Women who have had their appendix or tonsils removed may have increased fertility, according to a new 15-year study that looked at medical records from more than half a million British women. The researchers at the University of Dundee in Scotland found that for every 100 pregnancies in women who hadn’t had the surgeries, there were 134 pregnancies in women who had their appendix removed, 149 pregnancies for women who had their tonsils removed, and 143 pregnancies in women who had both removed.
The results upended the widely-held belief that having an appendix removed could damage a woman’s fertility, according to the BBC.
“This [study] is very important in reassuring young women that appendicectomy will not reduce their chances of future pregnancy,” Dr. Sami Shimi said.
Shimi said the study confirmed “beyond doubt” that removal of the inflamed organs improved chances of pregnancy in women, but doctors have not yet figured out the reason for the increase in fertility. The researchers said they are unsure whether the operations directly affect fertility or whether there is a behavioral explanation for the change. The inflammation of the tonsils or appendix could affect levels of inflammation throughout the body, including the ovaries and womb, which could decrease fertility. On the other hand, the lack of pain and inflammation from having them removed might also encourage women to enjoy more “liberal sexual activity,” researchers said.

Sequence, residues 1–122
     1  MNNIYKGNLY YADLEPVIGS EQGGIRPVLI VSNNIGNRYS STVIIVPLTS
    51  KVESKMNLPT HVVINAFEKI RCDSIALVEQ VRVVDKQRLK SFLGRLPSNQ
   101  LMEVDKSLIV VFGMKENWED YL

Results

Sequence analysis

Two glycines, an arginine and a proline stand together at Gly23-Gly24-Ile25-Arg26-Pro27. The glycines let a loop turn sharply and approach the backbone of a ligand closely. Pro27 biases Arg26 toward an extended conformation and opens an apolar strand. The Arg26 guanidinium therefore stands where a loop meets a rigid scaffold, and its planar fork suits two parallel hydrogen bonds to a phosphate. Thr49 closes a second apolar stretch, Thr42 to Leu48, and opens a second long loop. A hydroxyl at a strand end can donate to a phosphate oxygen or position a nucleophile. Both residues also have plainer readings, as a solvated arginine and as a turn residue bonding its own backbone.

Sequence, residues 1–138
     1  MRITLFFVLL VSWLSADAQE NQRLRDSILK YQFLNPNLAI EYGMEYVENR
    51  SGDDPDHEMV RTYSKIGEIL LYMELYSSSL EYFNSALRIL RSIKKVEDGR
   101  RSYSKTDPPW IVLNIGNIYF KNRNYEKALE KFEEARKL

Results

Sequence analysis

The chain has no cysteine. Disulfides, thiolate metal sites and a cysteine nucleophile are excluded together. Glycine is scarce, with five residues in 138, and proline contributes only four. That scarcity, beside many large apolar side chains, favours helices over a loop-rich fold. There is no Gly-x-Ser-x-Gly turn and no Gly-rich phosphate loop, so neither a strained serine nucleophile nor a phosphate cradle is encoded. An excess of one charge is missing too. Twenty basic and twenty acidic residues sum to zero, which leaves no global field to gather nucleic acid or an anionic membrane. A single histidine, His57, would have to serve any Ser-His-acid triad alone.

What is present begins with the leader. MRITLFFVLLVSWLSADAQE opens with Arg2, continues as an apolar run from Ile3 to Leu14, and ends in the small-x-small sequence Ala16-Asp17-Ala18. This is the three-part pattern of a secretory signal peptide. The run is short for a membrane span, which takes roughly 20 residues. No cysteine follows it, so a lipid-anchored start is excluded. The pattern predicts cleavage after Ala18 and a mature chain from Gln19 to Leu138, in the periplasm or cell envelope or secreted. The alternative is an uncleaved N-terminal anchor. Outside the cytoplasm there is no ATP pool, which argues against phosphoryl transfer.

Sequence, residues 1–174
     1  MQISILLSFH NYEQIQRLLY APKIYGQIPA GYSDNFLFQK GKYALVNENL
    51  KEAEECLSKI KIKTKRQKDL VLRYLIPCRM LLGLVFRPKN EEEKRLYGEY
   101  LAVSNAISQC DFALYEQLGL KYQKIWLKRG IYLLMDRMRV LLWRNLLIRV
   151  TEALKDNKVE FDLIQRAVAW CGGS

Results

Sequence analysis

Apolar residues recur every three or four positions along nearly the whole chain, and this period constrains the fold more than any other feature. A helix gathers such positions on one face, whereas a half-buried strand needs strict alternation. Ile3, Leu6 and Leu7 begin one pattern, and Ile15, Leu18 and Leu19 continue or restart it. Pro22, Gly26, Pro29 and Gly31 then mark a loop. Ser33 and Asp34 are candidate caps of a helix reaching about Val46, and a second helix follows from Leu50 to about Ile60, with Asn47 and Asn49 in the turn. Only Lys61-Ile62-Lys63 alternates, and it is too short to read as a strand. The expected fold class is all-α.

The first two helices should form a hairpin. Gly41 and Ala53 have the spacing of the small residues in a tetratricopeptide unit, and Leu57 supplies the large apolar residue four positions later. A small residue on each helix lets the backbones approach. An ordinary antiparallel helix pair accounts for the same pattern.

While the issue needs more research to understand the connections, the doctors said that women shouldn’t consider running out to have an appendectomy to increase their chances of getting pregnant.
Read the full story at the BBC.